Infighting could also slow progress on issues that a vast majority of Republicans agree on, benefiting Democrats.
“The infighting means that they’re not focusing on other things that by and large Democrats will oppose,” said Rep. Gina Mitten, D-Richmond Heights.
Parson took office in 2018 after former Gov. Eric Greitens resigned under a cloud of scandal. As a former member of the House and Senate, the then-lieutenant governor pledged to calm the waters that had been roiled by Greitens during his contentious 17 months in office.
But, Parson’s decisions have not always had that effect.
Last year, President Donald Trump issued an executive order requiring governors to submit written consent if they want to continue allowing refugees to resettle in their states.
Parson’s response surprised some conservatives. Rather than banning refugees, and send a message that immigration is a problem, Parson said refugees boost the state’s workforce and add value and diversity to Missouri’s cities.
Sen. Bob Onder, R-Lake Saint Louis, said in an interview with Missourinet that governors who made similar decisions “did not do what’s best for their states.”
Parson also has rankled lawmakers over his negotiations with the mayors of the state’s larger cities on the subject of gun violence.
In November, Parson said he would back a limited plan addressing gun use by minors, domestic abusers and felons.
The negotiations took place during another bloody year in St. Louis; more than a dozen children had died by gunfire last year at the time of Parson’s announcement.
The governor’s statements didn’t sit well with House Majority Leader Rob Vescovo, who penned a statement slamming any attempts to impose tougher laws on gun owners and gun purchases.
Vescovo, R-Arnold, said he favors tougher sentencing laws for violations of state firearms laws, but he opposes laws that “infringe” upon the Second Amendment right to bear arms.
The chairman of the House Crime Prevention and Public Safety Committee said he wasn’t consulted before Parson unveiled the package.
Despite the pushback, Parson still invited Krewson and other mayors to his State of the State address on Jan. 15, where he advocated “strengthening our laws to target violent criminals” without mentioning specifics.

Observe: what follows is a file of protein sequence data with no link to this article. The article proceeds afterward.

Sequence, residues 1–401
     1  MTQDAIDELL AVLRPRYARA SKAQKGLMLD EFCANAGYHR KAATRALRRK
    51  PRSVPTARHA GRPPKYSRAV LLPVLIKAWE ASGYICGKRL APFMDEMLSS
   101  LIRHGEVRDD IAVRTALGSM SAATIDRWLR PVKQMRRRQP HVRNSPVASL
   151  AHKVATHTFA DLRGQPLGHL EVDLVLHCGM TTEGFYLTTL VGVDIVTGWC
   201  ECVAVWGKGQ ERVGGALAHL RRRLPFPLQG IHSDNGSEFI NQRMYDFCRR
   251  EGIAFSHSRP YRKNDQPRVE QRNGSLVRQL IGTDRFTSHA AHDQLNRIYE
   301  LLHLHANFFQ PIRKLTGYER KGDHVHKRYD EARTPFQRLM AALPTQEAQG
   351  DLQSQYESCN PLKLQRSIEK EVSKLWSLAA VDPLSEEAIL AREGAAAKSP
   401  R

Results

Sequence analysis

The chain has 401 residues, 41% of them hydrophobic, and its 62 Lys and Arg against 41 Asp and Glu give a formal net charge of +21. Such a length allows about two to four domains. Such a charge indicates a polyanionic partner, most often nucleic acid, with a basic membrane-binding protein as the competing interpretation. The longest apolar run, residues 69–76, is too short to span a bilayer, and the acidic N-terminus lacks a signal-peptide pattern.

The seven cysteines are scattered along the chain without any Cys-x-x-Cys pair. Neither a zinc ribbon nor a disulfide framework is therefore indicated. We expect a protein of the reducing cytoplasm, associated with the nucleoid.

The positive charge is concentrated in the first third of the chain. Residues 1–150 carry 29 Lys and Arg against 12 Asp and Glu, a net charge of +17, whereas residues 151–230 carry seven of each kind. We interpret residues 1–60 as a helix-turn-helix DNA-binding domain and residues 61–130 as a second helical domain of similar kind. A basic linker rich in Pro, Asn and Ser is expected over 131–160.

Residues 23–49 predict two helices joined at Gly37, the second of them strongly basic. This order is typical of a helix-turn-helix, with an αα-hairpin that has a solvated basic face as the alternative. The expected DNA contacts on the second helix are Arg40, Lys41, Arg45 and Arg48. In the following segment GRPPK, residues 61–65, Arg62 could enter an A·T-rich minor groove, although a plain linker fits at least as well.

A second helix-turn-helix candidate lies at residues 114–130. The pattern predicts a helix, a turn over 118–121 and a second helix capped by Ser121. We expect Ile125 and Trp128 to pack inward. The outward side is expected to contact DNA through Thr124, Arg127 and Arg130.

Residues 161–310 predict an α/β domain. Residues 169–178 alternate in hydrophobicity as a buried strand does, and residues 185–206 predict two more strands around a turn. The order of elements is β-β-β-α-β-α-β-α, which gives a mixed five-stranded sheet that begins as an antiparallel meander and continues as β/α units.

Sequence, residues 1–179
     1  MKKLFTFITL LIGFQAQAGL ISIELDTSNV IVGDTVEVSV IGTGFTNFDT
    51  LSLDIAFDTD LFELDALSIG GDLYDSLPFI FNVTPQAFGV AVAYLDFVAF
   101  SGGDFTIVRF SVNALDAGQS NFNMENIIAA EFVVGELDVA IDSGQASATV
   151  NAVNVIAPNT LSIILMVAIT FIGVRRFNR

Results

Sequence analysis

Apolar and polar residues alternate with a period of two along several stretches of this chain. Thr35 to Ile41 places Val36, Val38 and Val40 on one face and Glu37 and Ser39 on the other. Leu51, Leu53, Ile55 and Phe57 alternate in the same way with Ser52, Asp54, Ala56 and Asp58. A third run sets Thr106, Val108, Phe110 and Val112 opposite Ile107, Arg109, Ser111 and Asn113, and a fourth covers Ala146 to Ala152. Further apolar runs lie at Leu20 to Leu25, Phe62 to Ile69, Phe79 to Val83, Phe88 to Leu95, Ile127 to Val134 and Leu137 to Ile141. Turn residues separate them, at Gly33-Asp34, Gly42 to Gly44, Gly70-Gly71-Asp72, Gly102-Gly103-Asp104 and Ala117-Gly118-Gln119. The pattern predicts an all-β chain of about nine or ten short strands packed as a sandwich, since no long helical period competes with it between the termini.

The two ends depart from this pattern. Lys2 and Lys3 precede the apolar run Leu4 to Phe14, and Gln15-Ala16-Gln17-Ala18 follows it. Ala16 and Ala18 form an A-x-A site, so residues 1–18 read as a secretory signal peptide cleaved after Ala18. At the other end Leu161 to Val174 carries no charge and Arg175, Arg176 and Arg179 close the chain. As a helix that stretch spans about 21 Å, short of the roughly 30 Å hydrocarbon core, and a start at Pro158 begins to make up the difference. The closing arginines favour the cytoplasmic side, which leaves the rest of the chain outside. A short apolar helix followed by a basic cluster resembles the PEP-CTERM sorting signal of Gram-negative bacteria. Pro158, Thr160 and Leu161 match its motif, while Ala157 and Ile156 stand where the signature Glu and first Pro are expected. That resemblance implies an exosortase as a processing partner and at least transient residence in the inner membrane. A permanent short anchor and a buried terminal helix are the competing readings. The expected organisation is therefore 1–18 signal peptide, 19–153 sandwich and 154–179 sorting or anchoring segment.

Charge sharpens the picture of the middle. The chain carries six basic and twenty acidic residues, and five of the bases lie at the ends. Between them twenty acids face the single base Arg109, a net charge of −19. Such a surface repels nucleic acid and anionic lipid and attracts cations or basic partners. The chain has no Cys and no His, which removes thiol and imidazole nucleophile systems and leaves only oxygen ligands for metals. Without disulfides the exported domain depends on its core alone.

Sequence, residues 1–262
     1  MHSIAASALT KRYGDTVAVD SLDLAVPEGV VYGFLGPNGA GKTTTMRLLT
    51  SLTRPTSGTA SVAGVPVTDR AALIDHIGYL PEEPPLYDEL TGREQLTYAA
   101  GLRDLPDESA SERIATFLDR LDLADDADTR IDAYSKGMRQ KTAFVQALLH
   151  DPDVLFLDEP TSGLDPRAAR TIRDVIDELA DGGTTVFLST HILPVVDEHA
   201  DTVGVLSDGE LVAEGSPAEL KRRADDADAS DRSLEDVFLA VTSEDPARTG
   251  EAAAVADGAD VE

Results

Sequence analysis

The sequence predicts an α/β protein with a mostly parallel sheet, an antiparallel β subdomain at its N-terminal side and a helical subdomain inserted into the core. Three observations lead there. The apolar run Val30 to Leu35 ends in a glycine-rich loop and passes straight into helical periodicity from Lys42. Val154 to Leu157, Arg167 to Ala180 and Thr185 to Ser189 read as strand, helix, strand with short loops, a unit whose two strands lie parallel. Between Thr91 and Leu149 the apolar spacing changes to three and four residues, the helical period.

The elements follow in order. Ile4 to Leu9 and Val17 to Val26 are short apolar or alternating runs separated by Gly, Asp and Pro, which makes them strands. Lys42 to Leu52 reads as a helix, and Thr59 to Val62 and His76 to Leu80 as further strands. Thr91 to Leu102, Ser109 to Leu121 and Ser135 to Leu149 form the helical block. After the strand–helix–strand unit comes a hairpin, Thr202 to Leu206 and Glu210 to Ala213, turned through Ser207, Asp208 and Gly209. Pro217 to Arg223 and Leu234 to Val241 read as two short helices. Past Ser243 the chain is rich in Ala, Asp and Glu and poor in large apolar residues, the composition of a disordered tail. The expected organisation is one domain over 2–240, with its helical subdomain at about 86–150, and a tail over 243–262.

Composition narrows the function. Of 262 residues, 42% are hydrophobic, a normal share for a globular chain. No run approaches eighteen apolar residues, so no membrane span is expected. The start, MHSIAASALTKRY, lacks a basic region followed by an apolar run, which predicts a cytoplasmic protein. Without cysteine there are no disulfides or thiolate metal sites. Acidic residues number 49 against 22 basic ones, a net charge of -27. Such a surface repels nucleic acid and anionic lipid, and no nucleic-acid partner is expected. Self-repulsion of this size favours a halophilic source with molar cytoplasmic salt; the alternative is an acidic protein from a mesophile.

The governor and lawmakers also have been at odds over one of the biggest chores awaiting them — crafting the state’s $30.9 billion spending plan.
Unlike other years when the House, Senate and governor’s office agree on a foundation level to start building the annual budget, the House rejected Parson’s estimate of revenue coming into state coffers as too high.
The disagreement means he is starting out with a different spending floor than the House when it comes to piecing together the blueprint.
Parson has faced opposition before and gotten his way.
Last year, with the clock ticking down on the legislative session, opponents of giving General Motors state tax dollars to expand its truck plant in Wentzville used their filibuster powers to delay action in the upper chamber.
Sen. Bill Eigel, R-Weldon Spring, used stalling tactics to chew up hours of valuable debate time as he outlined why he was trying to block the $50 million-plus incentive package.
Eigel said giving companies subsidies is a “path to tyranny,” because it allows government to pick winners and losers.
He eventually handed over filibuster duties to Sen. Andrew Koenig, R-Manchester, who called parts of Parson’s GM package a “disgrace.”
“It is a complete waste of Missouri tax dollars,” Koenig said.
In the end, the opponents ended their filibuster and, in December, Parson was on hand when GM announced it would make a $1.5 billion investment in the factory and retain a minimum of 2,000 of the 4,000 hourly workers.
“Right now, we’re going to keep working as a united front and keeping moving forward,” Parson said after speaking to a group of transportation planners gathered in Jefferson City. “We just need to stay focused on what’s best for the state of Missouri.”